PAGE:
Separating? Why choose collaborative practice?

Collaborative practice is a highly effective way of helping separating couples make their own decisions about their children and finances without resorting to litigation. Unlike court proceedings, collaboration encourages former partners to maintain a healthy post-separation relationship, and to agree on parent and child friendly outcomes which will be best for their family, as it guides them away from any focus on individual entitlements and blame.

What is collaboration?

Collaboration is a defined process where a separating couple is assisted and supported by an interdisciplinary professional team. Whilst each party is represented by a family lawyer, other professionals such as a financial planner, family consultant/psychologist and child expert are also involved from the get-go to help the couple with their financial, emotional and parenting issues. These other professionals are referred to as “neutrals”; not acting for either spouse but rather working alongside the lawyers to help support, assist and educate the parties throughout the process.

How can collaboration be used and why?

Collaborative practice can be used for any type of family Law matter, such as parenting arrangements and financial settlements involving property division, child support and spousal maintenance. The issues involved are just the same as those a family court (or the Child Support Agency) would determine. Like many family law matters, sometimes in collaboration there are issues of family violence, and/or mental health issues. These can all be dealt with effectively and compassionately. Also, in collaboration, the agreements reached and the way in which they are recorded are no different and, in fact, can be more nuanced when compared to the more limited orders that, say, a court could make. Finally, although the law is there to guide the parties as they move towards an agreement, so too are their goals for themselves and their family.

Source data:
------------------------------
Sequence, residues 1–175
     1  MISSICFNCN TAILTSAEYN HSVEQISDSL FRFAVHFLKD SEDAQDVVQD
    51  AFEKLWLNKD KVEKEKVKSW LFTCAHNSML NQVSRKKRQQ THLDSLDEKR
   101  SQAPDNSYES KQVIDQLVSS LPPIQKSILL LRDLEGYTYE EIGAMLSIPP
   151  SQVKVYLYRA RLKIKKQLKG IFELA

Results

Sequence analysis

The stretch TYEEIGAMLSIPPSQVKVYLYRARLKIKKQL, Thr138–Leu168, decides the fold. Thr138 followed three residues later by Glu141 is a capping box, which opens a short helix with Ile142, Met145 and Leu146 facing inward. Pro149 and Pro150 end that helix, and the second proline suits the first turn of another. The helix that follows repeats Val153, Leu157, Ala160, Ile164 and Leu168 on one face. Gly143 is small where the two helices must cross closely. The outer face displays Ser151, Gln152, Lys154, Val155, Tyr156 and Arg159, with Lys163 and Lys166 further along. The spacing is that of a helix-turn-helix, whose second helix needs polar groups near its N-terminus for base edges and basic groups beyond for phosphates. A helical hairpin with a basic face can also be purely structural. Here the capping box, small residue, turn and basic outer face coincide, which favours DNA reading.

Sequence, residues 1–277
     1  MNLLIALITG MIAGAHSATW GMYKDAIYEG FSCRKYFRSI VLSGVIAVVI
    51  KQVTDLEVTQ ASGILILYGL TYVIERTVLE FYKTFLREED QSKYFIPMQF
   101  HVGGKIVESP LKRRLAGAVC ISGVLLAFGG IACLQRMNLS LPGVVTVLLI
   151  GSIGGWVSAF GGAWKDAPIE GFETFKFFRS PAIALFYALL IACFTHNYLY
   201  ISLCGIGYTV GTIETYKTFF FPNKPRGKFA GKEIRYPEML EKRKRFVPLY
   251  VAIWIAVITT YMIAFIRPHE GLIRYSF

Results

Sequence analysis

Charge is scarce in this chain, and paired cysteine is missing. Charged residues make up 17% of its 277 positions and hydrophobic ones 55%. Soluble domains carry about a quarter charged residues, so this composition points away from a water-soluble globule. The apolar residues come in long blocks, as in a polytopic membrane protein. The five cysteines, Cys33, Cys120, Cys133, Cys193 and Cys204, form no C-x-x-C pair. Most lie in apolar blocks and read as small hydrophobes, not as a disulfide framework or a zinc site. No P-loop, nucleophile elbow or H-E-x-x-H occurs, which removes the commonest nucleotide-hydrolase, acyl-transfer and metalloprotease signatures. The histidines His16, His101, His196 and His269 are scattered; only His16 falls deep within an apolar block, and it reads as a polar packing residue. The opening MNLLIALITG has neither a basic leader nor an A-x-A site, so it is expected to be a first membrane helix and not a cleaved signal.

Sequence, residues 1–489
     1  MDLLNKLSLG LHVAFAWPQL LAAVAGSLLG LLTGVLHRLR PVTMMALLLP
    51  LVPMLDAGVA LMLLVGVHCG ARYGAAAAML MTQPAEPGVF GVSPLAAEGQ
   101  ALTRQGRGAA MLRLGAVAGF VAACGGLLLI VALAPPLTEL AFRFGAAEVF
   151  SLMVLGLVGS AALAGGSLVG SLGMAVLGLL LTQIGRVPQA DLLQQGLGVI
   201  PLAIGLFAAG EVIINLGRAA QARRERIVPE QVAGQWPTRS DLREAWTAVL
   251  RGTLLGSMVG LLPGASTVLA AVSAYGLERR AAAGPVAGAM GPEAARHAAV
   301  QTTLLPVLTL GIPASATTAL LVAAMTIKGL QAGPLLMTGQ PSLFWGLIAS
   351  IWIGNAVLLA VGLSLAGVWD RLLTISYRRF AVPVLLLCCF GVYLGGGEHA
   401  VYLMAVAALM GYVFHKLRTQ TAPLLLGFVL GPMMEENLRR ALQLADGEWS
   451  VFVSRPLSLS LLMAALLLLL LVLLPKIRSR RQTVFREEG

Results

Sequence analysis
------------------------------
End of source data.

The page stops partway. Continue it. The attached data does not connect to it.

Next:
How does it work exactly?

In a nutshell, Collaboration is a process where parties and all the professionals involved agree to resolve a matter without going to court. Such is the commitment to this process that if the couple cannot settle, the professionals have agreed that they will not help them to pursue litigation. This removes the threat often made in negotiations that if a party does not do something, the other party will commence court proceedings.

The hallmarks of collaboration are certainty and containment. The process is relatively confined and can generally be outlined as follows:

  • Each party is represented by a specially trained collaborative lawyer;
  • Interdisciplinary professional consultants are engaged to work together to focus on not just reaching a quick fix settlement, but on laying a foundation for optimum communications, transparency and problem solving, during the period of rapid change the parties and their children can experience after separation;
  • All professionals and the parties sign a collaboration agreement effectively stating that the parties retain their right to terminate the collaborative law process and to take their issues to Court, but the solicitors and other collaborative experts or specialist professionals cannot go with them;
  • Information is shared fully and freely upon request and communications are respectful. Hence, the aggression, suspicion and paranoia usually attached to family law matters recedes when compared to what is normally experienced in litigation;
  • The couple works with the individual professionals to understand their unique situation and work on designing what their future might look like. All negotiations take place in joint settlement meetings with the parties and all the professionals present. The Lawyers do not adopt an adversarial stance or bargain as agents in the absence of their clients. Rather, interest-based negotiations are the preferred mode;
  • Following each individual or joint meeting, the professionals “debrief” to discuss the events of the meeting, how best they can support the parties and the progress made; and
  • Once agreements are reached, documents are created by the lawyers and signed by the parties.

Conclusion

Collaborative practice offers a way for separating couples to resolve their disagreements respectfully and with dignity. The process is private and confidential and encourages open and honest communication. It does not seek to pathologize or demonise the other party but rather, is a strengths-based process that helps reconstruct the future.

Finally, because the process is confined, costs are contained. Without a doubt, the overall collaborative process is less costly or stressful than going to court.

By Mary Louise Hatch. Lawyer, Collaborative Practitioner & Mediator